Tag Archives: Pretty Little Dead Girl

Chatting with Author Seanan McGuire

Seanan McGuire (pronoun-ced SHAW-nan), is like having a conversation with a tempest. She is certainly a force of nature in her own right…and often described as “a vortex of the surreal.” The first thing you learn about her—kind of like the first rule of Fight Club—is that you never ask a question about a subject if you don’t want the lengthy, detailed, and very graphic answer. Take the Black Death pandemic of the 14th century, for example. Seanan can expound on the specific gory characteristics of the spread of the various diseases associated with the event…and will do so while enjoying a friendly dinner with friends.

“Most of them have learned not to ask questions they don’t really want answers to,” she says with barely-checked laughter in her spritely voice.

Seanan is the author of a popular urban fantasy series published by DAW (the science fiction/fantasy publishing arm of the Penguin Group) featuring her protagonist, October “Toby” Daye, in a northern California world where characters that Grimm and Disney once found a lucrative focal point—faeries, gremlins, trolls, and the like—reside in carefully concealed areas in the San Francisco Bay area. Oh yeah, and they’re a lot more sinister and unfriendly than either Grimm or Disney ever dared imagine. The series thus far contains Rosemary & Rue (9/2009), A Local Habitation (3/2010), An Artificial Night (9/2010), Late Eclipses (3/2011), Ashes of Honor (9/2012), and Chimes at Midnight (9/2013).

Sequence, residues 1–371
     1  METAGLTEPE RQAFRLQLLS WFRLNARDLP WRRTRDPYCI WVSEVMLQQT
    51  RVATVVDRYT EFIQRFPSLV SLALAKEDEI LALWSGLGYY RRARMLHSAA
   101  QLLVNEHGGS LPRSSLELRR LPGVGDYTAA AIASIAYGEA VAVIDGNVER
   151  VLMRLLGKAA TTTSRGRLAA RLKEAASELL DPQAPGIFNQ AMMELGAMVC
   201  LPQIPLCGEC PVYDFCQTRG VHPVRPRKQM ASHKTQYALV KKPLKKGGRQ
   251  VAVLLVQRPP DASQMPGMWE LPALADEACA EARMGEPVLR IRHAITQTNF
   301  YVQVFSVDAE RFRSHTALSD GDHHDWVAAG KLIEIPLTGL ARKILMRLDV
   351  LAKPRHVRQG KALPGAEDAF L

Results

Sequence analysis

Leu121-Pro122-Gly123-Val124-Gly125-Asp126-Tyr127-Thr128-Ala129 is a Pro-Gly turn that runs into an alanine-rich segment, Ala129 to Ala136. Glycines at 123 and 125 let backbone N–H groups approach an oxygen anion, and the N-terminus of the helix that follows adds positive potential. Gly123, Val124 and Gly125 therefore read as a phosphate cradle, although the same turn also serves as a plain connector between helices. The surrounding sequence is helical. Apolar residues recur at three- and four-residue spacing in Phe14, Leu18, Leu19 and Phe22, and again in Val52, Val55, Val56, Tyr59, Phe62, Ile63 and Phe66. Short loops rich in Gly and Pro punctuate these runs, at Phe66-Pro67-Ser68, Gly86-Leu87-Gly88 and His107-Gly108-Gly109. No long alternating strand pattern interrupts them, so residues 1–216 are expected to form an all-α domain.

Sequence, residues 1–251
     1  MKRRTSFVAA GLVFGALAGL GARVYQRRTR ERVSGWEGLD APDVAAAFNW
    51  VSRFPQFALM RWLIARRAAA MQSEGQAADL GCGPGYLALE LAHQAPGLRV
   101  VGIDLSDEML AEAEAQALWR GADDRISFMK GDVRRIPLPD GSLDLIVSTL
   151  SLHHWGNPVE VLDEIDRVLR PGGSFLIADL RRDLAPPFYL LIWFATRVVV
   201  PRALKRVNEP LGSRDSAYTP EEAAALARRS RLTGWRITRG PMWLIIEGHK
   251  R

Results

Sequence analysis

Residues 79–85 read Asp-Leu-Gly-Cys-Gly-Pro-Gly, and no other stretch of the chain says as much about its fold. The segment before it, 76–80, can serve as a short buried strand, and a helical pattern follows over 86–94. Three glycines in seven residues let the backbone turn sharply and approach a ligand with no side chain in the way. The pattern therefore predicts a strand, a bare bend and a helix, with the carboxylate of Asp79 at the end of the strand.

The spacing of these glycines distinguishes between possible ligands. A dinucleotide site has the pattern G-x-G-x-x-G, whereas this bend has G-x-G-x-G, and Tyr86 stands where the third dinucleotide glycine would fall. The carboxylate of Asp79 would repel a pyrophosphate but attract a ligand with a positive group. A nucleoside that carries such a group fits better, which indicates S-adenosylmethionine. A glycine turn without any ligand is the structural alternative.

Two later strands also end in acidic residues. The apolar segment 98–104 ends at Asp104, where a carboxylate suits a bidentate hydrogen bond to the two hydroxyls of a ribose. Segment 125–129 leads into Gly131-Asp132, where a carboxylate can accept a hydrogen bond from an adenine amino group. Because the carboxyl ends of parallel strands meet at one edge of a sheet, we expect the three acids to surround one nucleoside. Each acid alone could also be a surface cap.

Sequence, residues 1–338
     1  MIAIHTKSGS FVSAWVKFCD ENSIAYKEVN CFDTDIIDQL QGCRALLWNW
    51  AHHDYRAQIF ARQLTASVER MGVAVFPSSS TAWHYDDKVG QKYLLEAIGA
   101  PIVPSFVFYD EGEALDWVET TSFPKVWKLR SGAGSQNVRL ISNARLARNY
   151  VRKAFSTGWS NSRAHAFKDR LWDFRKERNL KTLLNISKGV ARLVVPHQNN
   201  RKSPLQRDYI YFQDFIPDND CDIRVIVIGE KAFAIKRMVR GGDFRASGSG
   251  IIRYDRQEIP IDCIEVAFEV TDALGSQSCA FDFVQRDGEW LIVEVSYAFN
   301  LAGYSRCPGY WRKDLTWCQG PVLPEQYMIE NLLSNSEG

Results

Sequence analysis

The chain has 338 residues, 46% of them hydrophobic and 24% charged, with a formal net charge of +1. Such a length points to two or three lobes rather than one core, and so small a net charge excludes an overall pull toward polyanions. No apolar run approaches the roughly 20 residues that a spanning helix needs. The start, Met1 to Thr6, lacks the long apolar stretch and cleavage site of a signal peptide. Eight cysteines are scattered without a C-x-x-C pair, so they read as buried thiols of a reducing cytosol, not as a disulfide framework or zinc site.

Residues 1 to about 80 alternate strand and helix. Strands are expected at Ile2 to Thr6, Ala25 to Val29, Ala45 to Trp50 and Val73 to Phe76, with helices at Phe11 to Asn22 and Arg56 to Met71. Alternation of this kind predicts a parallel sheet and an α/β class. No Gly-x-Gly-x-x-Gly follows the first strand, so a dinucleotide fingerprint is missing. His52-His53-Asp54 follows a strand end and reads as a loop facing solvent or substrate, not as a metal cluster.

The idea for the series began with a fourteen-page short story she wrote on a whim, and which was inspired by the Tea Gardens of Golden Gate Park. Her friends kept insisting about the main character, “Toby needs a novel.”

Seanan says, “Apparently, Toby gets what she wants.”

Toby is a cross between Joan Wilder (Romancing the Stone) and a kick-ass – and beknighted – version of Seanan herself. Not that Seanan really needs such an adventurous alter ego. Her web-bio states that many of Seanan’s personal anecdotes end with statements like, “…and then we got the anti-venom,” or “…but it’s okay, because it turned out the water wasn’t all that deep.”


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